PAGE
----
14 Hristo Stoichkov
The greatest player Bulgaria have ever produced and one of the finest of his generation, Hristo Stoichkov won the Ballon d'Or in 1994, a year in which he won a double with Barcelona as well as taking Bulgaria to a World Cup semi-final, winning the competition's Golden Boot in the process. He became Europe's top scorer with CSKA Sofia, before joining Barcelona's 'Dream Team' where he won everything on offer in Europe over a five year period. Stoichkov ended his career in the States, although it was not a mere cameo appearance, spending three years in the MLS. His first two seasons with Chicago Fire, followed by one at D.C. United, he won a U.S. Open Cup with Chicago Fire in 2000.
13 Carlos Alberto
Carlos Alberto Torres, to give him his full-name, is up there with the pantheon of footballing greats. Captain of arguably the greatest national team in history, namely the 1970 World Cup winning Brazil team, Alberto scored the last goal of the final, regarded by some as the greatest ever scored. He was one of the 11 players selected for the World Team of the 20th Century in 1998 and had a tremendous club and international career, predominantly with Santos and Brazil. He spent five years in the US, playing 100 games for the New York Cosmos and 19 for the California Surf, winning the NASL Soccer Bowl Championship four times and the Eastern Division, National Conference four times.
12 Gordon Banks
Regarded by many as the finest goalkeeper in the history of the game, Gordon Banks became a World Cup winner with England in 1966 and pulled off the 'Save of the Century' (also known as the 'Greatest Save of All Time) against Brazil in 1970 when he prevented a Pele header from finding the back of the net. Banks was forced to retire from football in 1972 when a car crash cost him his sight in one eye. However, after five years out of the game he returned to soccer in the U.S. with the Fort Lauderdale Strikers in 1977. Banks's time in Florida wasn't his first taste of soccer in America, having spent seven games on loan with the Cleveland Stokers in 1967. Banks won the division with the Strikers in 1977 and was named 'NASL Goalkeeper of the Year', not bad for a 40-year-old who was blind in one eye.
The second most prolific goalscorer in the history of the game, Romario scored over 1,000 goals in a career spanning 24 years. He spent his best years in Europe, with PSV and Barcelona, although he continued to score goals for fun well into his 30's when he returned to his native Brazil. At the ripe old age of 40, Romario joined Miami FC, where his years did not show, as he scored 19 goals in 25 games, starring alongside former Brazil teammate Zinho. Romario already had fond memories of playing in the U.S, a World Cup winner with Brazil in 1994, he won the Golden Ball as the best player at the tournament, as well as winning FIFA World Player of the Year in the same year.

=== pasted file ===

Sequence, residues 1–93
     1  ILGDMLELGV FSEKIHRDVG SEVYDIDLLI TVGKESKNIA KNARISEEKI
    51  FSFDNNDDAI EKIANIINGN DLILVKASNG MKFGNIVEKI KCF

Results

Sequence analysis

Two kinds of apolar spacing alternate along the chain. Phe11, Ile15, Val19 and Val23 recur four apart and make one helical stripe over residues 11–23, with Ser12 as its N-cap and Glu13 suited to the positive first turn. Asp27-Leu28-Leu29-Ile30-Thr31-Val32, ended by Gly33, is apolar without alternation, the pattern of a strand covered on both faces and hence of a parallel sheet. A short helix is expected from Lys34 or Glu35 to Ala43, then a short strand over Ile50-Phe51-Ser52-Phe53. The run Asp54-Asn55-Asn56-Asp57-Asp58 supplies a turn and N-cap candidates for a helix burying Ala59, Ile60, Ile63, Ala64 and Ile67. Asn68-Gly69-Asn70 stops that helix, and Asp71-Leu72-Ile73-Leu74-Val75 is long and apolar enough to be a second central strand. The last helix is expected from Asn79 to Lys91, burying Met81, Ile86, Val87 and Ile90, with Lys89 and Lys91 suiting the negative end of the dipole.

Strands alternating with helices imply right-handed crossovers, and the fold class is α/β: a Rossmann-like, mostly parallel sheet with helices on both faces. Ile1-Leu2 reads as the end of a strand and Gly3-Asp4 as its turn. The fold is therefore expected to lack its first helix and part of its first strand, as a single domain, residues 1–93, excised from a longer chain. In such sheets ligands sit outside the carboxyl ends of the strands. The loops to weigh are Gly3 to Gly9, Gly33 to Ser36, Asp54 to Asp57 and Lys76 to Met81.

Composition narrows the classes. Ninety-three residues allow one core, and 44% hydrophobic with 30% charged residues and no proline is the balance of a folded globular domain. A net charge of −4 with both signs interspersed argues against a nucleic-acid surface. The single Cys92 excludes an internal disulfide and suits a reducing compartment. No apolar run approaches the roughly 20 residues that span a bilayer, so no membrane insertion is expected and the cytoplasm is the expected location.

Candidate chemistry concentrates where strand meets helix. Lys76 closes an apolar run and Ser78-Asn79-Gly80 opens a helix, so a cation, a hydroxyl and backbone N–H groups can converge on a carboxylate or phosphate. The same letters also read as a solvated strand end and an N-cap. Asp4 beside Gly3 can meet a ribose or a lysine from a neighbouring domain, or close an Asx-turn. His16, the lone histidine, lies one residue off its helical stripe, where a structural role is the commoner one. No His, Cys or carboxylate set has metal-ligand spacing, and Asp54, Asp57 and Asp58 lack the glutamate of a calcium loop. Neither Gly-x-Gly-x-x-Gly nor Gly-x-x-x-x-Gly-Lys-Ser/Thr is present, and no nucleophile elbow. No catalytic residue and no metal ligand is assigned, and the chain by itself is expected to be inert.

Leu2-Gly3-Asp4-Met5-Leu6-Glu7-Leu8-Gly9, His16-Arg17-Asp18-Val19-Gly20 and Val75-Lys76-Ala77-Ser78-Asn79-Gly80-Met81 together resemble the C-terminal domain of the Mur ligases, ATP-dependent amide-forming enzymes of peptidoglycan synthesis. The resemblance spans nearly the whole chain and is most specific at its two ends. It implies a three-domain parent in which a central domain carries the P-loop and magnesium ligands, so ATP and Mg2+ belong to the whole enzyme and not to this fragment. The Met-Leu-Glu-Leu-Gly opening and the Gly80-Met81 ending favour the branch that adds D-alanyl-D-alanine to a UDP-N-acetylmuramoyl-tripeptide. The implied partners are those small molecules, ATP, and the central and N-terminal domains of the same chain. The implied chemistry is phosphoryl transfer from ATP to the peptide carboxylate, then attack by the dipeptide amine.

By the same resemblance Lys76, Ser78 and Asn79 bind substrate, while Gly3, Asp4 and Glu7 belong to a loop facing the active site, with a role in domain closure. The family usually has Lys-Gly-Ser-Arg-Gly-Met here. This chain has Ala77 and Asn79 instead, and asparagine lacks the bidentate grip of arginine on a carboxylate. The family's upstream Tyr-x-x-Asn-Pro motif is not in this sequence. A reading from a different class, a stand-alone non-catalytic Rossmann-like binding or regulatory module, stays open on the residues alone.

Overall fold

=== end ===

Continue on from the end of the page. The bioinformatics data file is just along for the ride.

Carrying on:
10 Thierry Henry
Thierry Henry is arguably the finest player of the Premier League era, and is Arsenal and France's all-time record goalscorer. With frightening pace, dazzling technique and a lethal finish, in his prime, Henry was essentially a complete forward. In his career, he won titles in France, England and Spain, as well as winning the Champions League, European Championship and the World Cup. He won the Premier League Golden Boot four times, the European Golden Boot twice and was named in the UEFA Team of the Year on five separate occasions. His foray into American soccer came in 2010, when he joined the New York Red Bulls from Barcelona. Henry spent four years with the club, scoring 51 goals in 122 games, winning the MLS Eastern Conference twice and the Supporters Shield once.
9 Hugo Sanchez
A prolific goalscorer, renowned worldwide for regularly scoring spectacular goals from any distance, Hugo Sanchez was voted the greatest player to ever emerge from the CONCACAF region. He is the third highest scorer in the history of the Spanish league, and spent his finest years at Real Madrid. He was La Liga's top scorer five times and a European Golden Boot winner once. He played in the U.S. briefly, both at the very start and very end of his career. He began playing indoor soccer with the San Diego Shockers in 1979, on loan from UNAM and returned to America 17 years later, when he joined the Dallas Burn, playing just a single campaign in the inaugural season of the MLS.
8 Lothar Matthaus
At club, international and individual level, Lothar Matthaus's list of honors is incredible. He won the Bundesliga seven times with Bayern Munich, adding a Serie A title when he moved to Inter Milan. He is the most capped German player of all time, with 150 appearances, he has played in five World Cups, more than any other outfield player and won the competition in 1990, as well as finishing as a runner-up in 1982 and 1986. Individually, he won the Ballon d'Or in 1990, was voted FIFA World Player of the Year in 1991 and was even given a Bavarian Order of Merit in 2001. Matthaus was 39 when he came to the U.S. in 2000, spending a season with the MetroStars, playing 16 games.
7 Gerd Muller